Supplemental Designs – VibeJive Promotional Video
2D animation made using Adobe After Effects. Gives users information about the features unique to the VibeJive app. Encourages users to dance by using this app. Allows potential users to see the different types of choreographies they can create by learning different styles from this app.
Supplemental Designs – VibeJive Promotional Stickers
Free promotional stickers made using Adobe Illustrator functioning as a way users can remember this app even when not using it.
Reflection
This project was the most involved project I have done to date, not just with UI/UX and graphic design, but on a conceptual level as well. These are some thoughts I have on this project after finishing it:
On COVID-19 and Restructuring 
Restructuring this project to fit an online platform after preparing for six months for an in-person exhibition was frustrating and a lot of work to do within the span of a month and a half. Looking back, the extra work put in during that 1.5 months made the project stronger on a conceptual and surface level than the project I originally conceived for the in-person exhibition. My original idea was to show the Figma prototype on an iPad and have gallery viewers dance to the prompts in a designated space in the Mason Gross Galleries. I realized because of the pandemic that this project lives more as a brand that has the potential to reach out to lots of people, and the overall message of this app gets hindered by living in a singular space for a limited amount of time.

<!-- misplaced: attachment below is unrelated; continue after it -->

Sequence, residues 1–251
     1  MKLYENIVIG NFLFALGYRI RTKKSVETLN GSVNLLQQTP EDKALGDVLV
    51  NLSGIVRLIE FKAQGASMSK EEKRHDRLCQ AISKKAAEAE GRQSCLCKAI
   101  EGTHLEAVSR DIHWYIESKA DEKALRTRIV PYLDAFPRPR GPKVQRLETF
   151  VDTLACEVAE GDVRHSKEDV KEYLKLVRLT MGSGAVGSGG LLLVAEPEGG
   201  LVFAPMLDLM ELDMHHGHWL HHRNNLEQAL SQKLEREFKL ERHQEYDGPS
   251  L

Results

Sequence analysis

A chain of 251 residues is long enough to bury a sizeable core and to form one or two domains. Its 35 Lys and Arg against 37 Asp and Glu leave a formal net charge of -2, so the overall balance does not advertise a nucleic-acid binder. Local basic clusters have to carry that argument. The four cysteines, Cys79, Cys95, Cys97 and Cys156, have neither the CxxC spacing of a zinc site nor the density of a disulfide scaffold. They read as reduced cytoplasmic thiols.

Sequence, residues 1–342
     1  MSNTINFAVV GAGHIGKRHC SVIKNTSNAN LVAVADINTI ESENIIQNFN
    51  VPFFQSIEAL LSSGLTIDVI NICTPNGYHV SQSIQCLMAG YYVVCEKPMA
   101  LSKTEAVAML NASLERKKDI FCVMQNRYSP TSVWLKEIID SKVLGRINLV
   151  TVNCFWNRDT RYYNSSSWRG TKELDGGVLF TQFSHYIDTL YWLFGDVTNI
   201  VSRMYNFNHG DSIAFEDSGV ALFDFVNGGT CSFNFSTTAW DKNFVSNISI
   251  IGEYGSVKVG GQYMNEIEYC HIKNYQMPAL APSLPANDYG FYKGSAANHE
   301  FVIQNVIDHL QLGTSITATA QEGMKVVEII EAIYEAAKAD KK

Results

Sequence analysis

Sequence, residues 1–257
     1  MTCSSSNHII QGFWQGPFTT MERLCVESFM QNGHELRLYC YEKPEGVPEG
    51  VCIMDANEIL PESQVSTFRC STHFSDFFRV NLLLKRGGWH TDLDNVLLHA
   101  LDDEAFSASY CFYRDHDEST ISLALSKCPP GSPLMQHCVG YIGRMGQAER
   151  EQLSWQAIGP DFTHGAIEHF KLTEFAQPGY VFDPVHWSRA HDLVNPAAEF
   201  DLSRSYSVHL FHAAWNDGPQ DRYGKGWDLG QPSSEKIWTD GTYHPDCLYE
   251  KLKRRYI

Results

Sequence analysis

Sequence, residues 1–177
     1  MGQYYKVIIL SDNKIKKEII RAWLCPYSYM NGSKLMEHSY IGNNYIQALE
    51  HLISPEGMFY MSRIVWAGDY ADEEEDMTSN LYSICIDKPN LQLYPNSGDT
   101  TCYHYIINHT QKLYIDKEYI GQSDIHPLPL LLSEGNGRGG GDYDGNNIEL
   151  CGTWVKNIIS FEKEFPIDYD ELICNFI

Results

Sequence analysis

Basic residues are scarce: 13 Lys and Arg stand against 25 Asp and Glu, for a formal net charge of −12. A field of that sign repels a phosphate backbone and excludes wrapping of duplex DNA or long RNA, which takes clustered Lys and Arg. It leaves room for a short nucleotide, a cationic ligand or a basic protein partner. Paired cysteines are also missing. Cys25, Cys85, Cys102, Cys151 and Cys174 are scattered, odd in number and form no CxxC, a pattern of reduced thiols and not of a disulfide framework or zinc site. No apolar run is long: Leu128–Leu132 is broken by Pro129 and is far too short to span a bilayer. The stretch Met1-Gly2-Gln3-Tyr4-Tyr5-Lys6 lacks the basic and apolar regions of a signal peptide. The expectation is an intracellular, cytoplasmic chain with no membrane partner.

Responses from Dancers
This project was very well-received by my peers who are dancers. The aspects they liked about this project are the colors, the language, and that it encourages them to get up and dance instead of sitting around. They liked the colors because they said it makes the app interesting to look at and unique because it's something they've never seen before in an app. They thought the language was funny and relatable, and that the prompts made them inspired to go create a dance on their own. Some suggestions I got from these dancers are to: 
1. Add a back button on prompt pages so users can go back to prompts they like (but may have accidentally swiped on).